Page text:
Graveyard Keeper Is a Macabre but Needlessly Complex Simulator

A bell rings at the main road, signaling another corpse has been dropped off. For some, it’s the ultimate fate of their earthly remains, but for you, it’s your livelihood. In Graveyard Keeperthe latest release from indie game developer Lazy Bear Games based out of St. Petersburg, Russia, it falls upon you as a graveyard keeper to tend to the dead. On your property is a church and the final resting place of the area’s dead, and as bodies get delivered it’s up to you to bury them and spruce up their plots with headstones and fences. Your responsibilities don’t stop at the dead—you’ll also have to hold a weekly service for your congregation. The gameplay in Graveyard Keeper takes inspiration from Harvest Moon and the more-recent Stardew Valley, and aside from tending to the recently deceased, there’s also gardening, foraging, fishing, and pursuing quests for the locals in the nearby town.

This isn’t a typical medieval village—there are some bizarre characters, like the talking skull with a drinking problem that lives in your morgue, or the talking communist donkey that delivers corpses to the graveyard while spouting the ills of capitalism. This vein of dark humor runs throughout the game; a source of income can be harvesting flesh from corpses, stamping it with an illicit seal marking it as “approved meat,” and selling it to the local tavern.

There’s a fairly robust technology tree with branches like smithing, building, and anatomy, behind which most new workbenches and creations are locked. Unlocking items requires points acquired from activities like cutting down trees, foraging food, and completing tasks in the church, and the grind to unlock new tech is long. Near the end of the tech tree, the grind for sufficient research points approaches levels only found in free-to-play mobile games.

There is a distinct lack of tutorials (and of information in general) in Graveyard Keeper, leaving you to your own devices to figure out many systems. This is just one of many bizarre design choices—at times it feels like the game developers were gluttons for punishment. Once workbenches have been placed, they can’t be moved; if they’re disassembled for rearranging, you only get a portion of the building resources back, so you have to go grind resources just to build again.

Game screenshot of the player standing in graveyard over an open grave.

A variety of headstones give you a chance to upgrade your graveyard. Lazy Bear Games

Want to make ink for the writing table? To do that, you need to unlock the alchemy bench. To unlock alchemy, you need to meet a specific character in the woods, and to trigger their appearance you need to progress a certain amount down another character’s quest chain. You’re not told any of that, of course. The amount of hoop-jumping tucked away behind obscure information gives me conniptions. Graveyard Keeper is a prime example of a “wiki game”; it’s inevitable to go searching online for answers.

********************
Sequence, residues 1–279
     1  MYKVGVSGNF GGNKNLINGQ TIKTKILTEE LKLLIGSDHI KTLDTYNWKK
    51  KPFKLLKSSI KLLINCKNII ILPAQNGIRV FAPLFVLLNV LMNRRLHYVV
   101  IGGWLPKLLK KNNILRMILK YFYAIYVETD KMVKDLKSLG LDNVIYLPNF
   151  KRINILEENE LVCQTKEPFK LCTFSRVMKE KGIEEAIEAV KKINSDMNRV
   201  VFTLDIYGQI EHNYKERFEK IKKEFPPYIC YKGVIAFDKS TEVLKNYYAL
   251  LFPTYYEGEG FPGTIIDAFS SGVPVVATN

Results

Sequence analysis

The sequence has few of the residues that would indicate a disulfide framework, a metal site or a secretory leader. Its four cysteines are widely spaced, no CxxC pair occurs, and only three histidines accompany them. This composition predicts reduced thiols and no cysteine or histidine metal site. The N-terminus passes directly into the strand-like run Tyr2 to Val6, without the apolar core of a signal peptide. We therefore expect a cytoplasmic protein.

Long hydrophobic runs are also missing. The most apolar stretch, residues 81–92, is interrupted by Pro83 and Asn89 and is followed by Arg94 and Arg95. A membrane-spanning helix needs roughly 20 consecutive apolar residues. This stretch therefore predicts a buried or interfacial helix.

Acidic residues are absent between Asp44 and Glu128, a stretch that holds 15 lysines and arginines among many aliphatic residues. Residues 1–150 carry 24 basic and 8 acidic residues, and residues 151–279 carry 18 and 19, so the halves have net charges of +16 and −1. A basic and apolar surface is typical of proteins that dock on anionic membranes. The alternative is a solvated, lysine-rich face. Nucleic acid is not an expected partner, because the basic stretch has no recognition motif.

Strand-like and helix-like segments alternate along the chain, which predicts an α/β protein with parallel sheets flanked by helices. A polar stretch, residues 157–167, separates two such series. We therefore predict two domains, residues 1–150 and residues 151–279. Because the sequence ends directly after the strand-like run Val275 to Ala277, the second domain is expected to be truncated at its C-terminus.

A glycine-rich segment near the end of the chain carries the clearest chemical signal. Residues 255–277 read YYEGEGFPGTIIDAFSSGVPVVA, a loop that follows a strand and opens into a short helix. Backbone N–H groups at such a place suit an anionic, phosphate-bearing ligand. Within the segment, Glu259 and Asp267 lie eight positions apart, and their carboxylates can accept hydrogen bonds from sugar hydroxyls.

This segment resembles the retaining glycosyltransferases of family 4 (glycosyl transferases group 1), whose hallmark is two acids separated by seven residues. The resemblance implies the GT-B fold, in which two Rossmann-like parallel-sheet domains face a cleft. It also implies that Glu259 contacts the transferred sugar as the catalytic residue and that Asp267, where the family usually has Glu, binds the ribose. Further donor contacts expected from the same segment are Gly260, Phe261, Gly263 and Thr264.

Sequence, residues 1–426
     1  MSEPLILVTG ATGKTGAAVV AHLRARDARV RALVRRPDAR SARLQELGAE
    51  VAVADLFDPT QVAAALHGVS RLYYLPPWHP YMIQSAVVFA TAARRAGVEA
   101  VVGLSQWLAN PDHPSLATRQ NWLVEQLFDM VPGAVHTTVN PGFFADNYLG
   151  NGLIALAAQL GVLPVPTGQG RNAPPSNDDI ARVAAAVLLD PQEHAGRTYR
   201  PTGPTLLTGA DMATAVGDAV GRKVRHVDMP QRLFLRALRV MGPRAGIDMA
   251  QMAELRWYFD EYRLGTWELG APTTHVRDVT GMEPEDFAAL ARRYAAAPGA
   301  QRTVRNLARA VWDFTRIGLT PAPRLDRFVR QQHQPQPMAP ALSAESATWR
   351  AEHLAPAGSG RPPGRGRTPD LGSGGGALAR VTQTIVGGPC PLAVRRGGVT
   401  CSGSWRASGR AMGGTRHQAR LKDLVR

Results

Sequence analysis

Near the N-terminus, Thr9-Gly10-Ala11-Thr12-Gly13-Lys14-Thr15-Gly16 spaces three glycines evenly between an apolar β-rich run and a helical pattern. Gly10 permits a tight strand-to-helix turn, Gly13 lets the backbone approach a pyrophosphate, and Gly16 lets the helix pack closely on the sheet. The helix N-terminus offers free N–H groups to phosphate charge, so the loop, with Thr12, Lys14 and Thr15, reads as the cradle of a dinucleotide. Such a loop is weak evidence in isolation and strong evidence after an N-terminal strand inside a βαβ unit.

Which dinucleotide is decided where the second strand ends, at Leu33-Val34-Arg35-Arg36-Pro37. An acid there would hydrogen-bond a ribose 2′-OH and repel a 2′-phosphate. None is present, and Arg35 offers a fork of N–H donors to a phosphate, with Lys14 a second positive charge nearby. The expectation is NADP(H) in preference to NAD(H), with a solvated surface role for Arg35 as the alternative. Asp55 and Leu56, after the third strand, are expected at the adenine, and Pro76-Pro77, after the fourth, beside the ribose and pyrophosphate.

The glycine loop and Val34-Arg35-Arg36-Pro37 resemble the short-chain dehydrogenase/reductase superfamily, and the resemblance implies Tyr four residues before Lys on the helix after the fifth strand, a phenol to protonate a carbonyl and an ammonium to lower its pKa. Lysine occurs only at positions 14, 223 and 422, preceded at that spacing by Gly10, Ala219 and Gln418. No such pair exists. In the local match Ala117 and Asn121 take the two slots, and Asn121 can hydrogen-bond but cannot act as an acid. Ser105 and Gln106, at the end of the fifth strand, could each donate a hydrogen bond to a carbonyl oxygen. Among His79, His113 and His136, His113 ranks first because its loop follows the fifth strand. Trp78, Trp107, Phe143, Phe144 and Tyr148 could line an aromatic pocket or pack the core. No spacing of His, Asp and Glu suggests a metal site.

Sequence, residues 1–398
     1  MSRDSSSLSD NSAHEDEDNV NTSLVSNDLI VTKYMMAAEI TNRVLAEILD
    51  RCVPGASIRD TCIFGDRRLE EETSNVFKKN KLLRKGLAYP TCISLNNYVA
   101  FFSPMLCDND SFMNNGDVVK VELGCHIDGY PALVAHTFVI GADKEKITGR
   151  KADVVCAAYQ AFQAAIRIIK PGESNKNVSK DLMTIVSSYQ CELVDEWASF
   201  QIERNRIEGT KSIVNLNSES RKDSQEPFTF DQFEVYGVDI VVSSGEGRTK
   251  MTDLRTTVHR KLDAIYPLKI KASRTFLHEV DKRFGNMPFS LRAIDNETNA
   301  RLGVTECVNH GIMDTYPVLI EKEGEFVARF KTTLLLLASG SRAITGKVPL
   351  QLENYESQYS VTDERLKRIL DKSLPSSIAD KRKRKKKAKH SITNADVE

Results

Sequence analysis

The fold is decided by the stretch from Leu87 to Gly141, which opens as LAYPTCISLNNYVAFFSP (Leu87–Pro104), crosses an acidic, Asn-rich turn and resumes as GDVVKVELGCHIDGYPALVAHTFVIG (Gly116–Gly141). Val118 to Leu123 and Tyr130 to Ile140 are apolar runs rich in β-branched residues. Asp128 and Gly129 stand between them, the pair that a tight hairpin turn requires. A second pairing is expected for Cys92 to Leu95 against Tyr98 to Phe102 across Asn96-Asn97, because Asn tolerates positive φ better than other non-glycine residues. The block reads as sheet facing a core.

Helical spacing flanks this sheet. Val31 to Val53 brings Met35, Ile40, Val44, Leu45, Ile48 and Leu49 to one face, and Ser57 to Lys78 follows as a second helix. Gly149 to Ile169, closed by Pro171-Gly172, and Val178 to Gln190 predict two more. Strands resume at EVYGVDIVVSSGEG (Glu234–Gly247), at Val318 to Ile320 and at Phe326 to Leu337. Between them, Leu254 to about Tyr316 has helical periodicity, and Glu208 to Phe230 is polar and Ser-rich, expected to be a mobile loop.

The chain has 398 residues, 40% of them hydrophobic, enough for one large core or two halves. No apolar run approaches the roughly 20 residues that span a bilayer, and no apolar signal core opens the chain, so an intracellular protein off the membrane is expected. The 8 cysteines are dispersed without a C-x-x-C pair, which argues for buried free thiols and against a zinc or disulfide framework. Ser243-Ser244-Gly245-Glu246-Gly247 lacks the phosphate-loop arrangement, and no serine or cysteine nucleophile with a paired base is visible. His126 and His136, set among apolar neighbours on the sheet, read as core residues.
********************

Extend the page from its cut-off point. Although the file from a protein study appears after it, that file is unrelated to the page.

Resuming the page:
If you’ve ever played Stardew Valley or Harvest Moon, you know everything revolves around the energy bar. In Graveyard Keeper, the energy bar is downright draconian. Let’s say last night I interred a new corpse in the graveyard. I wake up and go to the stone-cutting bench and produce a headstone and a fence for the plot. From just those two actions, half of the energy bar is gone; go to the graveyard and install them and the energy bar is just about completely gone, and the day has barely begun. Sleeping restores energy, but rather than waking you up the next morning, it accelerates through the day—restoring an entirely depleted energy bar squanders over a quarter of a day. Certain events only trigger on certain days of the week, and having to sleep through portions of the day doesn’t help with time management.

Graveyard Keeper also tries to throw in dungeon combat, though it turns out to be the definition of tedium. You delve into the catacombs beneath the church, similar to Stardew Valley’s adventures in the mines. Here, every swing of the sword drains a not-insignificant portion of the energy bar, and there’s no rushing through levels—each floor requires hunting down and defeating every enemy before moving on to the next floor. It got to be so dull, I could only be bothered to complete one floor at a time, compounded by frustratingly sluggish and inexact sword swings.

While it sounds like I’ve piled on all the bad aspects, Graveyard Keeper does have that “one more day” quality once you’ve stockpiled enough building resources to really get on a roll. There’s macabre enjoyment in things like running a graveyard or researching and practicing new autopsy and body-preservation methods. The graphics are also quite lovely; the pixelated style is warm and vibrant with an impressive amount of detail.

Whereas many other games of the genre work with the player, making for an enjoyable and laid-back experience, Graveyard Keeper seems to be against the player, resulting in an often stress-inducing game. There’s a solid game at the core, but it is unfortunately marred by strange design choices. I just can’t recommend it in its current state except to those who find enjoyment in “the grind.”

Graveyard Keeper is available on PC and Xbox One.

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